How To Turn Ones And Zeros Into Friends

 

PixelPeople-crop-crop

There is a lot wrong with the internet and social media.  People who are not who they say they are, saying things that are hurtful or untrue are all around us.  Hackers and con artists try to steal your money while slightly unstable people who populate the fringes of political movements try to melt our screens with clever half-truths that make half of us mutter “Damn right!” while the other half reply with name calling and ad hominem attacks of their own.

But sometimes, an electronic community forms from normal, decent people who share a common interest.  And I got to meet some of them last weekend.

My other creative outlet (and one that preceded this one by a few years) is over at CurbsideClassic.com.  It is a website begun by Paul Niedermeyer from Eugene, Oregon, and centered around the idea that pretty much any older car has a story (or three) in it that can be coaxed out by someone willing to think about it for a bit.

The website grew steadily, and its high quality writing generated a group of readers and commenters who have been regular visitors.  With rare exceptions, the CC combox is one of  the most knowledgeable and civil online forums I have come across.  When a bunch of people interested in old cars can be more respectful of one another’s opinions and feelings than people who discuss religious topics, then something is happening.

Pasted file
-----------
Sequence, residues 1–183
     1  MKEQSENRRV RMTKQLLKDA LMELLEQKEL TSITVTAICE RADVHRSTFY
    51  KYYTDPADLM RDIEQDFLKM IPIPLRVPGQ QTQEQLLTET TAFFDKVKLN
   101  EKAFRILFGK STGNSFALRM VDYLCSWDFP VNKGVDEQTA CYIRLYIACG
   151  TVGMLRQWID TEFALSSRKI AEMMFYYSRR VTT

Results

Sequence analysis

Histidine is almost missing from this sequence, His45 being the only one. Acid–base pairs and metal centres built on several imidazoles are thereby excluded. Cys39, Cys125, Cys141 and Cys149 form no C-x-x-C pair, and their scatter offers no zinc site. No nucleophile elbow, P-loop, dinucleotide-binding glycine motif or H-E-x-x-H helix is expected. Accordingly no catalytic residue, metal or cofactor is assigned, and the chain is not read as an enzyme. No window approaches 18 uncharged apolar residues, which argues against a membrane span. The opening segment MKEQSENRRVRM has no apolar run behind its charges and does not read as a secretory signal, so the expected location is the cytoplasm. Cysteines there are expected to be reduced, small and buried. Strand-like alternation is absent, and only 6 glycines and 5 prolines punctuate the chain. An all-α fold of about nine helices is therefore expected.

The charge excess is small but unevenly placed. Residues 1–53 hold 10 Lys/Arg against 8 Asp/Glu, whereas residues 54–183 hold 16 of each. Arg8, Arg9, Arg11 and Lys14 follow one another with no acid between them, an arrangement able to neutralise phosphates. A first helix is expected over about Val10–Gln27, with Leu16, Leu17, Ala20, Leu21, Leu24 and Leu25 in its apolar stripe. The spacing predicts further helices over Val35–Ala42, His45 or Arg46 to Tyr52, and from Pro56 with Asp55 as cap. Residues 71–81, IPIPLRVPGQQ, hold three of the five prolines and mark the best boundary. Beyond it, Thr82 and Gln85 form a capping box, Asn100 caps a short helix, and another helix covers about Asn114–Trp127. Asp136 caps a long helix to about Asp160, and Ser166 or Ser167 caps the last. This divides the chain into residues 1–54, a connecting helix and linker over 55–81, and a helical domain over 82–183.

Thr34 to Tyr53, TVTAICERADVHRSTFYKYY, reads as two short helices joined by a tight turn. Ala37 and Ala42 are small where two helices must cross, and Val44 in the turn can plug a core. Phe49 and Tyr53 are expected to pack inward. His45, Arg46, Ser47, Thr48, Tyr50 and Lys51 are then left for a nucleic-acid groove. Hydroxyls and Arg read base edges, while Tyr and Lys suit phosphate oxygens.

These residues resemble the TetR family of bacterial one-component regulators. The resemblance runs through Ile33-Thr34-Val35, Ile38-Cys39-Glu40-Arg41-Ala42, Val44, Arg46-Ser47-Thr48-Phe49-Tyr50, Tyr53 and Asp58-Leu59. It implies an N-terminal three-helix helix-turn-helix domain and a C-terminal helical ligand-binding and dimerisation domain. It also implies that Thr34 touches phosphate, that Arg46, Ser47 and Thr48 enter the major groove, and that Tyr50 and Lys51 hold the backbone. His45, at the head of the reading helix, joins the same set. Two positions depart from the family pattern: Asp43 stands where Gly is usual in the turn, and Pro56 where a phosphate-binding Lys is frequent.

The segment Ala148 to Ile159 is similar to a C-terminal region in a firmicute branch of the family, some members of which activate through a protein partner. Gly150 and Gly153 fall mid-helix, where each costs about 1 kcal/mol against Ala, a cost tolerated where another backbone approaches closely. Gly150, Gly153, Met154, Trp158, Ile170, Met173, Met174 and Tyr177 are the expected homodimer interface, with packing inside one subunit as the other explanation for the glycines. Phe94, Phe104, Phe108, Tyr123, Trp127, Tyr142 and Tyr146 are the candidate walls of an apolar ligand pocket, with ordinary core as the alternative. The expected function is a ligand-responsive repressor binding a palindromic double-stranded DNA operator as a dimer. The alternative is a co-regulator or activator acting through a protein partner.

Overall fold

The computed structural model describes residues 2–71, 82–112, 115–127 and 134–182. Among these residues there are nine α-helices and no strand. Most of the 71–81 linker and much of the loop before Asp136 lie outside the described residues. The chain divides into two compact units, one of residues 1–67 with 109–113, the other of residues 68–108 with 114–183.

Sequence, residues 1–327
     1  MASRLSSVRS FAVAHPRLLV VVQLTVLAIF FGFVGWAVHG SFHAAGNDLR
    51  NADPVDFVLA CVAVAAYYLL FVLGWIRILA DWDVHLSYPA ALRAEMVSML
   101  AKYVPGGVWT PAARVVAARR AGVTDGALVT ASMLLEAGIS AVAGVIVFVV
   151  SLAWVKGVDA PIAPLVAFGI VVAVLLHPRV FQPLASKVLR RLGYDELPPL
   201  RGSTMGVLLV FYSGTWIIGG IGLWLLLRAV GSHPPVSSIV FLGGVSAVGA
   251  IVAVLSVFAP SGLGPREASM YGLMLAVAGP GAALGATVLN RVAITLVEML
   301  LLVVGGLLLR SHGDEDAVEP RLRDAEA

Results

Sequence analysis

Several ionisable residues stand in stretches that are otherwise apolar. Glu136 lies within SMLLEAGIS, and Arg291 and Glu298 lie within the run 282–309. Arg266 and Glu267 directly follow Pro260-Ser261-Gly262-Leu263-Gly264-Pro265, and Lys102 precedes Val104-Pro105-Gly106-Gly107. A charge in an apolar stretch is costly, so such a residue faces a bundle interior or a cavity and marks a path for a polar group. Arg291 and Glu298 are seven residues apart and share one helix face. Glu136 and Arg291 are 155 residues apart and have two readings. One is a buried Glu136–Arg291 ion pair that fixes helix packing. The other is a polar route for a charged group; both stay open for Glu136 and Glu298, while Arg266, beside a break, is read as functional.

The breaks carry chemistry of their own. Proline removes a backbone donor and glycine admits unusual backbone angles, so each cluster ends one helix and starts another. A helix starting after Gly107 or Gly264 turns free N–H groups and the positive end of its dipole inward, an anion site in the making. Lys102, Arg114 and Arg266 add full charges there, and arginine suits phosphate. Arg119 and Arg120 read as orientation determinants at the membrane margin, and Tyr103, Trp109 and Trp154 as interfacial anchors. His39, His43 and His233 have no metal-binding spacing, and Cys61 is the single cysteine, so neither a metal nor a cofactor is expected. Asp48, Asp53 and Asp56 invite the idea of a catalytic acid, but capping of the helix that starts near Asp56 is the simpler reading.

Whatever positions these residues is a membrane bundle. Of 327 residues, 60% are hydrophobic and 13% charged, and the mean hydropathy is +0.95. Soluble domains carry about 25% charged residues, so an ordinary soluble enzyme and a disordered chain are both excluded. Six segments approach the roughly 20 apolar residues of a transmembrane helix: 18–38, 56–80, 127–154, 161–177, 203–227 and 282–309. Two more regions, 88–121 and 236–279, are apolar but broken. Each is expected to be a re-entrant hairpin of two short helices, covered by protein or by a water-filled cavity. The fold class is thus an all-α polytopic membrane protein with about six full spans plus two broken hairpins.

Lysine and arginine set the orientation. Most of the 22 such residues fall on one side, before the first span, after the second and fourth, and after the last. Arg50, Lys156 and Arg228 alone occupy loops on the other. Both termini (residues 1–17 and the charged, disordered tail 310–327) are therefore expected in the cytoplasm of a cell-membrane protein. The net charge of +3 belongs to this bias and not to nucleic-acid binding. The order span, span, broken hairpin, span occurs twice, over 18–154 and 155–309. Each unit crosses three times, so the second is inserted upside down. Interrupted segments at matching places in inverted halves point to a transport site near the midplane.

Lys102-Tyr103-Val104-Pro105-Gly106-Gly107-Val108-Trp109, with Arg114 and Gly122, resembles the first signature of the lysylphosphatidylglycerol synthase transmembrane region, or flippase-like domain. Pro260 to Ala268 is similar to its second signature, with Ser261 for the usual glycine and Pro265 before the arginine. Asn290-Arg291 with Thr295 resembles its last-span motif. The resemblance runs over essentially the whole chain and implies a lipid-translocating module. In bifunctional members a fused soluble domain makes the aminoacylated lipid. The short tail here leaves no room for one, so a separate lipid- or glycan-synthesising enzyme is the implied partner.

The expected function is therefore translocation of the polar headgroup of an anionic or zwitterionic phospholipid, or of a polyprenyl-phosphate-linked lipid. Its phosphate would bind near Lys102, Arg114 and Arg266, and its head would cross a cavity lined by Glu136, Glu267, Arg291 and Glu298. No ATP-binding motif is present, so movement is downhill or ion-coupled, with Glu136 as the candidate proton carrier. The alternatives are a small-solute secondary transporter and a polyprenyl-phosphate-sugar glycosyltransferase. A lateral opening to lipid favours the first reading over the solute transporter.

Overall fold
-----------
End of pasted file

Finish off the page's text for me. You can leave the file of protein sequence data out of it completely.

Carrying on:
One of the great things that Paul has done has been to call for an occasional meet-up among those of us who contribute content and those who read and often comment.  I have attended four of these now, and each has been a great experience.

Did you ever have an imaginary friend?  I have had several.  OK, they are not really imaginary, but they are people I have never met.  Which is kind of interesting, when you think about it.  Most friendships involve personal interaction and familiarity that builds over a long time.  I still find it odd that the same result can come from pixels moving from one computer screen to another.  For example, how can we really know who these people really are?  I am pretty sure that my forty-something friend from Massachusetts is who he says he is and not a 22 year old woman who is afraid to leave her parents’ North Dakota basement and who fills her days by impersonating a dozen different people in different forums.  I do not, of course, have actual proof of this.

What is interesting is that as collegial as a totally electronic friendship can be, it is made better by personal contact.  I think that we as humans are hardwired to form bonds and connections with others.  So when I can shake hands with, look at and listen to someone in person, there is a unique something added to a friendship that has already become fairly well developed.

Have you ever noticed that when you deal with someone only online or by email, you fill in the blanks about that person in your imagination?   Although you have never seen this person’s face or heard his (or her) voice, you create an image and a soundtrack to complete the person in your mind.  Although I have no expertise in psychology, I am convinced that something deep down within us requires that a friend have a face, a voice, and a hundred other attributes that make up an entire personality.  And you have also surely noticed how far from reality that created persona is once you have met the person in real life.